One of the most serious potential long-term side effects of antipsychotics is tardive dyskinesia (TD). There has been no reliable treatment for TD until the approval of VMAT2 inhibitors in the past few years. The VMAT2 inhibitors work by reducing dopamine over- stimulation without blocking D2 receptors. Two VMAT2 inhibitors, valbenazine (Ingrezza) and deutetrabenazine (Austedo) have been FDA approved to treat TD since the last edition of the Black Book. While some improvement in TD is often seen in the first 2 weeks of treatment, these drug work in a slow measured way with improvement accumulating over up to 3 years of use. The most common side effects of these drugs are drowsiness and anticholinergic side effects including dry mouth, constipation, urinary retention, and blurred vision. Qt prolongation is also a possible side effect EKG monitoring is suggested.
Among the hypnotics, the most innovative recent advance has been the introduction of Dual Orexin Receptor Antagonists (DORAs). The first of these was approved in 2013 (Suvorexant; Belsomra) for sleep onset and maintenance insomnia, and another, lemborexant (Dayvigo) approved in late 2019 for insomnia. The DORAs appear to work on hypocretin/orexin endogenous system which regulates the sleep cycle. While the mechanism of action is unique, it not clear if this translates to advantages over less expensive, generically available hypnotics such as zolpidem. Possible advantages may include a lower risk of falls and pos- sibly less time awake after falling asleep compared to benzodiazepine hypnotics or agents such as zolpidem and eszopiclone.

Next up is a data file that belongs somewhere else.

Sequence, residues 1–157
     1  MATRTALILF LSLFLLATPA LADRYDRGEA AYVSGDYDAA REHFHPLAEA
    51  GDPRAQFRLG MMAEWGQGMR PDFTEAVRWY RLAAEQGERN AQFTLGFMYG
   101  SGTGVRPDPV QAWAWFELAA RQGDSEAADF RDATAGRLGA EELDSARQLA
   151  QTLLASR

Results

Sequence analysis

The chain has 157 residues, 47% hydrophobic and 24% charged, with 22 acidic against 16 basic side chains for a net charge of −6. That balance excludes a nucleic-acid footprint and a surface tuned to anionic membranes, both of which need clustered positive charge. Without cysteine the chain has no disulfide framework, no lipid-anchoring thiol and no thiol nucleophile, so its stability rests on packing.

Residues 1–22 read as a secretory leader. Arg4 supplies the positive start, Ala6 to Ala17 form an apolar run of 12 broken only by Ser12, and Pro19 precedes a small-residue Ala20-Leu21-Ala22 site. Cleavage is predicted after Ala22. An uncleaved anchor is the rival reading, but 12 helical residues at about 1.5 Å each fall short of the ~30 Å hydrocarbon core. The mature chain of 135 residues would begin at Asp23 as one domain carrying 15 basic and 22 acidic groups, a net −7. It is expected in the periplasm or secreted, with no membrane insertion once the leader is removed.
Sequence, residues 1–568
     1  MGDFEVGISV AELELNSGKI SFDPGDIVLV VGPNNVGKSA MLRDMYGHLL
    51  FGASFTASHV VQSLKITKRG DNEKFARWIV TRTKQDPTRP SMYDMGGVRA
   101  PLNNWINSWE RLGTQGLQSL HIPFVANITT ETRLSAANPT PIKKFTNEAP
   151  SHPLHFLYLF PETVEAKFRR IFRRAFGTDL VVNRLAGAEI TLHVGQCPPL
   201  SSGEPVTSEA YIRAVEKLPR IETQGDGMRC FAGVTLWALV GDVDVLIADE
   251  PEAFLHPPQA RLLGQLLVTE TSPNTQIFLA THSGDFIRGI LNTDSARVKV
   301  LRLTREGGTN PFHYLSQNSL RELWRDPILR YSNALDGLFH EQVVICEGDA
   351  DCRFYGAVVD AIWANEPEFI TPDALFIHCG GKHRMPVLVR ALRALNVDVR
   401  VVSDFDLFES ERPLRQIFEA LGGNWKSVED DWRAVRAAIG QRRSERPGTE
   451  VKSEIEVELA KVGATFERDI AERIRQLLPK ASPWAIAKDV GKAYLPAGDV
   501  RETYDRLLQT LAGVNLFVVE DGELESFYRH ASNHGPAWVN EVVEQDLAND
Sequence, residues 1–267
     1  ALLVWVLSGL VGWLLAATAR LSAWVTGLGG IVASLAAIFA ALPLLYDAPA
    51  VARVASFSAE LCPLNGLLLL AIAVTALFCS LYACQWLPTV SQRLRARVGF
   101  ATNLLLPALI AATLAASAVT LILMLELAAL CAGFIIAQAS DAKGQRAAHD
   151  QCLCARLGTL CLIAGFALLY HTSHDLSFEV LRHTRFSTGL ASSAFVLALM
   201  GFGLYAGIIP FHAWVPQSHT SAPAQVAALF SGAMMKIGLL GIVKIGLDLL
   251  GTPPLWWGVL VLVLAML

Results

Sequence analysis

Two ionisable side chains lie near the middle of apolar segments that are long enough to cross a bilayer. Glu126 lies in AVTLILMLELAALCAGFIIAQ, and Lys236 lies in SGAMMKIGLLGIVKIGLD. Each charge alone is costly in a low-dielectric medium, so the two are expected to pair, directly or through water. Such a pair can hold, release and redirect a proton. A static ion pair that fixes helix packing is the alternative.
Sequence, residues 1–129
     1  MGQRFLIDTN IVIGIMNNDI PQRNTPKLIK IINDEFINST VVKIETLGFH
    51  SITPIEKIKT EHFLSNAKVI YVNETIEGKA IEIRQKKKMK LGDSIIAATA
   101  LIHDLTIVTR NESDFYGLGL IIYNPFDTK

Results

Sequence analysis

In addition to updating the Black Book on new drugs and formula- tions, we have added a number of new tables to assist with monitor- ing of antidepressants and antipsychotics. Since monitoring of patients on psychotropics also involves the monitoring of clinical symptoms, we have also included a number of common psychiatric scales avail- able in the public domain for easy reference including the PHQ9 and Quick Inventory of Depressive Symptomatology (QIDs) for depression, the Brief Psychiatric Rating Scale (BPRS) for psychotic disorders, the Generalized Anxiety Disorder (GAD-7) for anxiety, and the Abnormal Involuntary Movement Scale (AIMS) for assessing extrapyramidal symptoms. These scales can help track the progress of patients on psychotropic and are increasingly used in the clinical setting. We hope that this edition of the Black Book proves as useful as some of the earlier editions have been.
Dr. DeBattista is Professor of psychiatry and director of the Depression Research Clinic in the Department of Psychiatry and Behavioral Sciences at the Stanford University School of Medicine in California. Dr. Schatzberg is Kenneth T. Norris, Jr. professor in the Department of Psychiatry and Behavioral Sciences at the Stanford University School of Medicine in Califor